What are Gravitational Waves?
Gravitational waves are 'ripples' in the fabric of space-time caused by some of the most powerful processes in the universe - colliding black holes, exploding stars, and even the birth of the universe itself. Albert Einstein predicted the existence of gravitational waves in 1916, derived from his general theory of relativity. Einstein's mathematics showed that massive accelerating objects (such as neutron stars or black holes orbiting each other) would disrupt space-time in such a way that waves of distorted space would radiate from the source.
According to Newton's theory of gravity, when a mass changes position, the entire gravitational field throughout the universe changes instantaneously, and the resultant gravitational forces are instantly changed accordingly. But the theory of general relativity - the most commonly accepted description of gravity - predicts that a change in gravitational field will travel through the universe at the speed of light. It is exactly these changes traveling through space that are gravitational waves.
Detecting and analyzing the information carried by gravitational waves will allow us to observe universe in a way never before possible. Gravitational waves are not absorbed or reflected by the matter in the rest of the universe, thus we will be able to see them in the form in which they were created - we will effectively be able to "see through" any objects between Earth and the gravitational wave source. Most importantly, gravitational waves hold the potential of the unknown. Every time humans have opened new "eyes" on the universe, we have discovered something unexpected that revolutionized how we saw the universe and our place within it.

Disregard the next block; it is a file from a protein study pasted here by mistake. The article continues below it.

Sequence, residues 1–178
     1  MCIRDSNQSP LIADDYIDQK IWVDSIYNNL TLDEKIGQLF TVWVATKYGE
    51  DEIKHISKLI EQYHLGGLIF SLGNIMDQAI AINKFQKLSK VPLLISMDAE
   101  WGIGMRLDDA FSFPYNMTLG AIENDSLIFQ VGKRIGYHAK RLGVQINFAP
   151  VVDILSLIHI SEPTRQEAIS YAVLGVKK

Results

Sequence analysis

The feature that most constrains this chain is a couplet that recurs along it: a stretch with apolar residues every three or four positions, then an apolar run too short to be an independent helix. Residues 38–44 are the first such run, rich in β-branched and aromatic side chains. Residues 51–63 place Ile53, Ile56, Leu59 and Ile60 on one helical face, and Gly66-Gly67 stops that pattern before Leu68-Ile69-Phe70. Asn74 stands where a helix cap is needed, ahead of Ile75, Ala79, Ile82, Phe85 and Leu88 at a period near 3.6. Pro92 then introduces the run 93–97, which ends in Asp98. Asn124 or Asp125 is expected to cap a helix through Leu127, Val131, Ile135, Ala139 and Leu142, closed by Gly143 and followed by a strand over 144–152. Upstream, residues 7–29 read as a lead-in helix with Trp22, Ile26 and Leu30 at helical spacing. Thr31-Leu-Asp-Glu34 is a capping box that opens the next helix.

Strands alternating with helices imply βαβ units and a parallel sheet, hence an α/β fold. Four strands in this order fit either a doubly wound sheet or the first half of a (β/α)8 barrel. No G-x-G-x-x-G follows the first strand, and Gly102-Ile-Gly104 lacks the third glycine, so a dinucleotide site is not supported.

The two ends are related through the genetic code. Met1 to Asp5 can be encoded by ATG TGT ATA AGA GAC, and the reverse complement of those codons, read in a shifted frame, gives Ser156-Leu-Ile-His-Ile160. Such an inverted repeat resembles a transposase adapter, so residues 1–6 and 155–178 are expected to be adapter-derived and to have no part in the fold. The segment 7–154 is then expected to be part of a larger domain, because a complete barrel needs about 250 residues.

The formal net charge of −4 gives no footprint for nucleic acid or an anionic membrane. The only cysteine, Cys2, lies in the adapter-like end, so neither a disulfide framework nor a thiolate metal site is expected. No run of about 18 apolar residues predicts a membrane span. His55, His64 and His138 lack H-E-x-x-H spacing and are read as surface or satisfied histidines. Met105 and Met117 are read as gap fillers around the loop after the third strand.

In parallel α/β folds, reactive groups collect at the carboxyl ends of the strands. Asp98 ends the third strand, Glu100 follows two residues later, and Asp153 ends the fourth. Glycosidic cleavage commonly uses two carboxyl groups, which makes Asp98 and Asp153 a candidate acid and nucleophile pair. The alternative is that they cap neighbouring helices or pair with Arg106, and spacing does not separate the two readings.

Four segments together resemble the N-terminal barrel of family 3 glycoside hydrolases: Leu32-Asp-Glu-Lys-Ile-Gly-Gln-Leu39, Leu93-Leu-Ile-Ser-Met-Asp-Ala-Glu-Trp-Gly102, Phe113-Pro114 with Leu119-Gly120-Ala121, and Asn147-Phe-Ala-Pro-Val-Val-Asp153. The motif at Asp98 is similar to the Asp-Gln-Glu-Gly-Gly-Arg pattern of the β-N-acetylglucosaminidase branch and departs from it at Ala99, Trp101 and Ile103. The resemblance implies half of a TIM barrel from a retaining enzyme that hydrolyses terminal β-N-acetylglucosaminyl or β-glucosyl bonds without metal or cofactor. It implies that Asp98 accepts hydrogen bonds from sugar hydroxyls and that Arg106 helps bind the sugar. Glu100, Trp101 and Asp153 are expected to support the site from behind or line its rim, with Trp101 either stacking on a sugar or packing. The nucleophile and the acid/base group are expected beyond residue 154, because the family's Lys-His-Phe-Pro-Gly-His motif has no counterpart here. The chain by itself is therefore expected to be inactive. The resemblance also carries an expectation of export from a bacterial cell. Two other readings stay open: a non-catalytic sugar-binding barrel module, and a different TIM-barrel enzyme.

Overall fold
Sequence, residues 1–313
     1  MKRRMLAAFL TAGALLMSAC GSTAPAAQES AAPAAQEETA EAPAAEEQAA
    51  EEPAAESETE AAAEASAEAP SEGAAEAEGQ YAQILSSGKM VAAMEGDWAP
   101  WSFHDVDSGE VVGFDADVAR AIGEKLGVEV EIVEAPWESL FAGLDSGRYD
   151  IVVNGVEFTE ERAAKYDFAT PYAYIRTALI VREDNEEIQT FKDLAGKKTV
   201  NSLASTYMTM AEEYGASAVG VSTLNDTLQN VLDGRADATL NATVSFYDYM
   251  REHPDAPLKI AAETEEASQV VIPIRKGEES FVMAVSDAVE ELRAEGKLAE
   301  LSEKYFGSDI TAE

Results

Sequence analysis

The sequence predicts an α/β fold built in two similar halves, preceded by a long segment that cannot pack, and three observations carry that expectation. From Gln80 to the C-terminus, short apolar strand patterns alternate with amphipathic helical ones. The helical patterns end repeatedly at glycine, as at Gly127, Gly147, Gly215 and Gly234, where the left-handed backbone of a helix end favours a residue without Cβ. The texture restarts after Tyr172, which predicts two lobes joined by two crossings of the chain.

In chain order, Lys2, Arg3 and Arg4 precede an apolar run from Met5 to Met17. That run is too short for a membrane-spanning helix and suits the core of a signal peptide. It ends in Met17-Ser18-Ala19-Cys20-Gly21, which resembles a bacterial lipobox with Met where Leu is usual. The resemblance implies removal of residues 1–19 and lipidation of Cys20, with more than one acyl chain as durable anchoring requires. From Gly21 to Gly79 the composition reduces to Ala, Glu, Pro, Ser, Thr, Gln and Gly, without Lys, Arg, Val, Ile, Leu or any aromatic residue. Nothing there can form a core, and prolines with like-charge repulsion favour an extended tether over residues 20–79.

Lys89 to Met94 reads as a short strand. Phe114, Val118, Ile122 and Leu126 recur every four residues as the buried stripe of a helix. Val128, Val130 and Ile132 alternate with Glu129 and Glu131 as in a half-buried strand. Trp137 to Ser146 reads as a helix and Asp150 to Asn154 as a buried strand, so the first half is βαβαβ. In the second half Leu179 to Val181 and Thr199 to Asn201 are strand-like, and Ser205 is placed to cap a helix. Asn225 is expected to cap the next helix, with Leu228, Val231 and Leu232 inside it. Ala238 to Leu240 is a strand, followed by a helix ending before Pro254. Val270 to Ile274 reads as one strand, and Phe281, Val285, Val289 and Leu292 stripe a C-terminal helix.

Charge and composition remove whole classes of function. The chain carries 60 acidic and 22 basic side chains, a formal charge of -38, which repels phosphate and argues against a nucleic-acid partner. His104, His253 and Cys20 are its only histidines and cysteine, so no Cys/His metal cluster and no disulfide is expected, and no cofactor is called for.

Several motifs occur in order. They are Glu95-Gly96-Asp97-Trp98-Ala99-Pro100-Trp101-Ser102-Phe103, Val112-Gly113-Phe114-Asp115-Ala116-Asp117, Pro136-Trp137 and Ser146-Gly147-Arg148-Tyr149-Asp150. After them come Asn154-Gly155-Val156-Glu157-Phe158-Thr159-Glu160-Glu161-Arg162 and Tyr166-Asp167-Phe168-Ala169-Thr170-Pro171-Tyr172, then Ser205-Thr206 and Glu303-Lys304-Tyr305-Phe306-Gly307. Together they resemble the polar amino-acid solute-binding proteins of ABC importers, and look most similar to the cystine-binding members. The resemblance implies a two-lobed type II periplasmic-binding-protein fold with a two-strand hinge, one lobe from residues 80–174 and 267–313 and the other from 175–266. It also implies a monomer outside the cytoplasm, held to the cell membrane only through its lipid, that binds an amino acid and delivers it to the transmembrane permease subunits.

Although gravitational waves were predicted to exist in 1916, observational evidence for their existence didn't come until 1974 when two astronomers, Russell Hulse and Joseph Taylor, discovered a binary pulsar system (two neutron stars orbiting each other). When the astronomers measured how the orbits of the two stars were changing over time, they found that the changes agreed so well with the predictions of General Relativity, it left no doubt that the system was radiating energy in the form of gravitational waves. Since then, more astronomers have studied the timing of pulsar radio emissions and found similar effects that confirm the existence of gravitational waves. But these confirmations have come indirectly, from observing the effects of 'unseen' gravitational waves on remote astrophysical objects and not through actual physical effects here at the Earth. In that sense, LIGO and other facilities like it around the world will be the first to detect gravitational waves.
Gravitational waves are exceedingly small. A strong gravitational wave will produce displacements on the order of 10-18 meters - this is 1000 times smaller than the diameter of a proton! Waves of this strength will be produced by very massive systems undergoing large accelerations, like two orbiting black holes that are about to merge into one. Since systems like these are rare, these sources will be many light-years away. Therefore, the search for gravitational waves is seeking the minute effects of some of the most energetic astrophysical systems from the depths of the universe.